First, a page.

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May 16, 2014

Four Horses Dead After Receiving Compounded Medication

"In general, FDA has serious concerns about unapproved animal drugs, including certain compounded animal drugs," stated the FEI in a release. Photo by Ahmed Mobarki/iStockPhoto.com.

The U.S. Food and Drug Administration announced May 15 that four horses have died after receiving compounded drug products, containing pyrimethamine and toltrazuril, used to treat equine protozoal myeloencephalitis. The compounds originated at Wickliffe Pharmacy in Lexington, Ky.

Six additional horses have suffered adverse effects, including fever and seizure, from the medication but are now recovering.

One lot of the compound was a paste and one was an oral suspension. The FDA reports that all of the products in the lots are accounted for and are no longer in distribution.

“[The] FDA is working with the pharmacy and state partners to investigate these adverse events,” stated an FDA release. “At this time, FDA testing indicates that one lot of product contained higher levels of pyrimethamine than the labeling indicates. Adverse events associated with high doses of pyrimethamine include seizures, fever and death.” 

Two of the horses were located in Kentucky and eight in Florida.

“These compounded combination products are not approved animal drugs,” stated the FDA release. “Additionally, toltrazuril is not approved for use in horses. In general, FDA has serious concerns about unapproved animal drugs, including certain compounded animal drugs.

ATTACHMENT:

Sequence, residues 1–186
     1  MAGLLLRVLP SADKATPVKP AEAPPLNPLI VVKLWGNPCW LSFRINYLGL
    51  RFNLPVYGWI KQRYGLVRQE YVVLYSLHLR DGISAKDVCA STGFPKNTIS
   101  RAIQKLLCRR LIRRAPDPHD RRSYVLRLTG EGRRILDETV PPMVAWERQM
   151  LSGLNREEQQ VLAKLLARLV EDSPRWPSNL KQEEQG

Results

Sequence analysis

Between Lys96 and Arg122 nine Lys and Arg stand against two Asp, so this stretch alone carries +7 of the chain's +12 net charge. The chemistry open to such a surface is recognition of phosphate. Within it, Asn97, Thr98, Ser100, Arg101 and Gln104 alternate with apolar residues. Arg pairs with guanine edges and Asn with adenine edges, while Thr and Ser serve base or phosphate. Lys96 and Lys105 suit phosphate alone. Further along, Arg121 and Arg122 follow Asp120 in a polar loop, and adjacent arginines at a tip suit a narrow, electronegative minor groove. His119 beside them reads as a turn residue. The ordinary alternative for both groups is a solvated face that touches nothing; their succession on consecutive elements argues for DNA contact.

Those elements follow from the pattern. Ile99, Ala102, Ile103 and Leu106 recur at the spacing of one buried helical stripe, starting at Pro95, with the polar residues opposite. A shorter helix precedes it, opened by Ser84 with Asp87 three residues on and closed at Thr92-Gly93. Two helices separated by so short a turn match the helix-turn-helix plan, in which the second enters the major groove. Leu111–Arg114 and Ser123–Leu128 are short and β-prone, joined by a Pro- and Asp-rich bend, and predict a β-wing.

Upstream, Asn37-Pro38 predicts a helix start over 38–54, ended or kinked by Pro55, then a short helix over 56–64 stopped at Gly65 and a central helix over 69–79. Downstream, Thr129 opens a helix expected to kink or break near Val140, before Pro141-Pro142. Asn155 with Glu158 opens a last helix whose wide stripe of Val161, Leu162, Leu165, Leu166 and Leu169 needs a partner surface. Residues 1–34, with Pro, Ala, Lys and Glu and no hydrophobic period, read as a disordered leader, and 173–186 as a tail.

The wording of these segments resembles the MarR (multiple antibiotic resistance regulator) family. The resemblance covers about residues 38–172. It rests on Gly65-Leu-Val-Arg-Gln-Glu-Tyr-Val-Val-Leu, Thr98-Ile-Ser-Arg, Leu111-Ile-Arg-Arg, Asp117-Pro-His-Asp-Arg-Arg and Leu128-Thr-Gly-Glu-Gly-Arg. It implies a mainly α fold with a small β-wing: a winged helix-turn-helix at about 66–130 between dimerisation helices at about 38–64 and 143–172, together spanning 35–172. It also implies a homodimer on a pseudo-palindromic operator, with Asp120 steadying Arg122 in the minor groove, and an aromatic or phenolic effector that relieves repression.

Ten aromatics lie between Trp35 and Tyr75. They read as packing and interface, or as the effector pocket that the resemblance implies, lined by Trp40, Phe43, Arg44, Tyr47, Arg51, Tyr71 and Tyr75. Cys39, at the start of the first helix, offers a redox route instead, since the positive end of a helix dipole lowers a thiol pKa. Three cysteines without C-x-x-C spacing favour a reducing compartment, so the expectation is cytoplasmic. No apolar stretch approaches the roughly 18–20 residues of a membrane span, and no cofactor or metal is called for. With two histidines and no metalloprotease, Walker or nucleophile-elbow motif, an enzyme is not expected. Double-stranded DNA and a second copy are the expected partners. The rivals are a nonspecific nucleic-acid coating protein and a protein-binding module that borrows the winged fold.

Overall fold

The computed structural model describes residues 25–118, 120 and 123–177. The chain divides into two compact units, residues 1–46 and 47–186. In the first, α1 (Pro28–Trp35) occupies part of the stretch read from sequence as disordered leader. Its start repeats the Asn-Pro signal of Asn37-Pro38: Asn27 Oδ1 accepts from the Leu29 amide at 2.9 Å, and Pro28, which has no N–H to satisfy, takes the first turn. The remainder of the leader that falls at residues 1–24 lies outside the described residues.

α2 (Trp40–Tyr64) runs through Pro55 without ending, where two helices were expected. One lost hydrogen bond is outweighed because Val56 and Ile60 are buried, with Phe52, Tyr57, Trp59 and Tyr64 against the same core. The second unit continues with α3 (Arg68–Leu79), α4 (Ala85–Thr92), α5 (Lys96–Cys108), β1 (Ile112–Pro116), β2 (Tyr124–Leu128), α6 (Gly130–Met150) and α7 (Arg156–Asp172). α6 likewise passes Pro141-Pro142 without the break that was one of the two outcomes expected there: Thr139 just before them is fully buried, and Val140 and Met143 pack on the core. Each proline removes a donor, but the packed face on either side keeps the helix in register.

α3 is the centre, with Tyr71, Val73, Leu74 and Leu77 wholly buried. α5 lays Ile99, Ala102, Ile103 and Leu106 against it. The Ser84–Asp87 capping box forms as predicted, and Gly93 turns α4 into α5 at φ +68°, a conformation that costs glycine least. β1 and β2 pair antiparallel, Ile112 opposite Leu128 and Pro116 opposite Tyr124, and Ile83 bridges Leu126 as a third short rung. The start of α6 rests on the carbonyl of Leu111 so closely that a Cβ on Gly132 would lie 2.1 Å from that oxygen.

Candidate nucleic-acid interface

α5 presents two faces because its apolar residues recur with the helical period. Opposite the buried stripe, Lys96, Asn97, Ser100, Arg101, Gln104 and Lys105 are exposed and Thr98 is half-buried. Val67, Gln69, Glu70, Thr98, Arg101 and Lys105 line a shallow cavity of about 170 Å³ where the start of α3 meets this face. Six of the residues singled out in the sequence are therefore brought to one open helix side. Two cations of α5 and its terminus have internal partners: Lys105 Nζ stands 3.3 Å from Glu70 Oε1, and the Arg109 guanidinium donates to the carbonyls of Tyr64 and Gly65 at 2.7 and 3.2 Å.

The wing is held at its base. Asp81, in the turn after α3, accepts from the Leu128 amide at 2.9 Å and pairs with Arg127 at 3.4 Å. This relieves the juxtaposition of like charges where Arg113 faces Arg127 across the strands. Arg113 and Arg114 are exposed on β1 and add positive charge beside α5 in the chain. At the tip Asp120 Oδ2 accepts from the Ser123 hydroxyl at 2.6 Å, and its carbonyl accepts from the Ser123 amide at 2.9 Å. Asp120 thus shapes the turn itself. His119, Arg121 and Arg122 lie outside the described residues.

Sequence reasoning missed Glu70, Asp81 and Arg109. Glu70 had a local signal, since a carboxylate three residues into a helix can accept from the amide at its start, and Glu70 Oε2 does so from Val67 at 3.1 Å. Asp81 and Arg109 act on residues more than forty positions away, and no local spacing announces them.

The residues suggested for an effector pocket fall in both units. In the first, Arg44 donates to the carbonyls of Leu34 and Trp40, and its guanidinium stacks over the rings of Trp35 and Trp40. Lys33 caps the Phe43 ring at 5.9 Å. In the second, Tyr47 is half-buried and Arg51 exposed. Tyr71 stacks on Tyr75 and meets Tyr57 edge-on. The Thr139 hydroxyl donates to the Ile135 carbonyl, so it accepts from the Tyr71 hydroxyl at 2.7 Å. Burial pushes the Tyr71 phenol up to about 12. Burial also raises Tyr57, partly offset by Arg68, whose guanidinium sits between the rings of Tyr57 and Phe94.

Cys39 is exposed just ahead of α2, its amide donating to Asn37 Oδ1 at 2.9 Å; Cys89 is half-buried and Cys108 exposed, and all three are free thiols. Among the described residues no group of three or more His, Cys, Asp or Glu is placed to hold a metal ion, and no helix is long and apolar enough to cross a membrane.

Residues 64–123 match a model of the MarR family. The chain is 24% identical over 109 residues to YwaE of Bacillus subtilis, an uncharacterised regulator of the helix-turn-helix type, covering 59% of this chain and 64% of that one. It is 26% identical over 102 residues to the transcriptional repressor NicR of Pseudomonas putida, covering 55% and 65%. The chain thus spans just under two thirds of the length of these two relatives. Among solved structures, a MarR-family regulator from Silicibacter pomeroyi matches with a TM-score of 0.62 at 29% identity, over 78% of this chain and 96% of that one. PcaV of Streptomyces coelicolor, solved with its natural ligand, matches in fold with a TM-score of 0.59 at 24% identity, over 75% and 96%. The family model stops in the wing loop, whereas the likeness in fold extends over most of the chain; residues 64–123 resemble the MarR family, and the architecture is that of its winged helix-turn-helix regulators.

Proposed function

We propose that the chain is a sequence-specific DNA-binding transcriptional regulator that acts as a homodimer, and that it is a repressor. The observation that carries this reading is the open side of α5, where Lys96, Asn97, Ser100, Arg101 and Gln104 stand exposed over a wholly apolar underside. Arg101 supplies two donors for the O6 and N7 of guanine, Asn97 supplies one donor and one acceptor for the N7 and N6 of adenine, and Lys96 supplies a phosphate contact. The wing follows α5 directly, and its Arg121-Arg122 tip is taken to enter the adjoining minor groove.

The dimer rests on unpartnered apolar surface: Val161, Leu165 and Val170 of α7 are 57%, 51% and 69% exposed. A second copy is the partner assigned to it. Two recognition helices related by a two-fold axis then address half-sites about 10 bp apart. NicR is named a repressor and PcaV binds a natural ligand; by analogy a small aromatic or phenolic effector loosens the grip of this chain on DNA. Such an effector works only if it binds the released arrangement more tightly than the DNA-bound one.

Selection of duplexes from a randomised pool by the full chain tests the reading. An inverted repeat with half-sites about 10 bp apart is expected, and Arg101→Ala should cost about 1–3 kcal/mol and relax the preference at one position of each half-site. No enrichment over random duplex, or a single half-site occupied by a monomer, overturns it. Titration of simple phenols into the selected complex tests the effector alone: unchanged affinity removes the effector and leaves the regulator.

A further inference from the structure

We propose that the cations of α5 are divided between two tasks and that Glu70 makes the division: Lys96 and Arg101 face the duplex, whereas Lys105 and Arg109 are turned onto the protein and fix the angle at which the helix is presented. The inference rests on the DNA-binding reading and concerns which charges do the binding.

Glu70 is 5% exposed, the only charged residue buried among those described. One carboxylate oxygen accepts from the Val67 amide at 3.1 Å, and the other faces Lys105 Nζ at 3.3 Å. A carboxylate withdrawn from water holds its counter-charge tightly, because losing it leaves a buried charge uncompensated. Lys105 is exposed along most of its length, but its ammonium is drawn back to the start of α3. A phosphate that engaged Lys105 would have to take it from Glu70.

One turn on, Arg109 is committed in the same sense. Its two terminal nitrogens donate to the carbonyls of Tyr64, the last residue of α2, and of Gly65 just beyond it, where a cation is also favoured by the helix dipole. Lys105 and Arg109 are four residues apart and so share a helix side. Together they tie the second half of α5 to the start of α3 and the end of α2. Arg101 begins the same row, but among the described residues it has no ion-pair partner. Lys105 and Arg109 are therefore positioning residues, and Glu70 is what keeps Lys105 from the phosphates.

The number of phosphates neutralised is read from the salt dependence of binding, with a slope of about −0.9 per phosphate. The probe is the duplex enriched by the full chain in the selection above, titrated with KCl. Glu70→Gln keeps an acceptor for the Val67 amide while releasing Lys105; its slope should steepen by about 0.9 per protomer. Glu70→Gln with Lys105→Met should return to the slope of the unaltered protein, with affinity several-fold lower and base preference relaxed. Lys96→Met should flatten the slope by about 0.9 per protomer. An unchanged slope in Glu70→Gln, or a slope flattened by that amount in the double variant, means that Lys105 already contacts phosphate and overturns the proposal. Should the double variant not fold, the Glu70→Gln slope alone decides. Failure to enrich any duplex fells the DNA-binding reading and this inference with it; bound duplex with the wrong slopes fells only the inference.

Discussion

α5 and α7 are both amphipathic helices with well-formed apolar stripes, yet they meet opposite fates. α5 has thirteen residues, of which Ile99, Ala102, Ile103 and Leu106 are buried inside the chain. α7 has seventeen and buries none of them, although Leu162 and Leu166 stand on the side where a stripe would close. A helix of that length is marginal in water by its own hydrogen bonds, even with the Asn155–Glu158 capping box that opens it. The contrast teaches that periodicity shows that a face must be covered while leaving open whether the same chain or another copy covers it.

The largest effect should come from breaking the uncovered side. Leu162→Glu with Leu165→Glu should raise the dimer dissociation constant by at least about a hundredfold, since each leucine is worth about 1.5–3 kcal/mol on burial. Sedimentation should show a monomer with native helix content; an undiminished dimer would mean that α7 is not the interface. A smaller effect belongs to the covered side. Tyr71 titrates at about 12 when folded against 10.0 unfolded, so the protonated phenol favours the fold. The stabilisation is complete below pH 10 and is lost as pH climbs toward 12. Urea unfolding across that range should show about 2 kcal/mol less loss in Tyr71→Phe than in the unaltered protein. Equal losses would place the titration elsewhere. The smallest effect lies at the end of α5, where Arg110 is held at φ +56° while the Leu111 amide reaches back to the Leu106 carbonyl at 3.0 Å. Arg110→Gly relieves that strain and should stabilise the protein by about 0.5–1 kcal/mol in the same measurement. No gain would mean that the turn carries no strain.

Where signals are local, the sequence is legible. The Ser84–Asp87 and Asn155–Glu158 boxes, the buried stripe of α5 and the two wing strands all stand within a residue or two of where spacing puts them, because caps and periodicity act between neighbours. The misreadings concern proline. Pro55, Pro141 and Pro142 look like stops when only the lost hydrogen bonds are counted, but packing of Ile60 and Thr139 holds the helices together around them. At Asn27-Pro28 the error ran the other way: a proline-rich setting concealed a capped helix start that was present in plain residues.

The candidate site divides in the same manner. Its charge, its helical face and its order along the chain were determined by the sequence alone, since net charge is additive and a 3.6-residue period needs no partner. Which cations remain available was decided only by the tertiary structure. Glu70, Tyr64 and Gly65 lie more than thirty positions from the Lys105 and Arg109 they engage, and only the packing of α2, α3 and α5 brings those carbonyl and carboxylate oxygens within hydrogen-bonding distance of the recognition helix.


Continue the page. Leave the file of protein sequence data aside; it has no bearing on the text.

“Drugs that have been evaluated and approved by FDA for the treatment of EPM include ponazuril, diclazuril, and a combination drug of pyrimethamine and sulfadiazine,” the release continued.

In a statement, Wickliffe said they are working with federal officials to learn what caused the adverse effects. Wickliffe also said that the compound had been prescribed and dispensed only to horses with those prescriptions.

“We wish to extend our deepest sympathies to the owners of, and equine professionals associated with, the horses that have died or been euthanized,” stated their release.   

Want to know more about compounded drugs? Read this comprehensive article the Chronicle published in their print magazine, "Compounded Drugs Have Helped Horsemen For Ages". 

 
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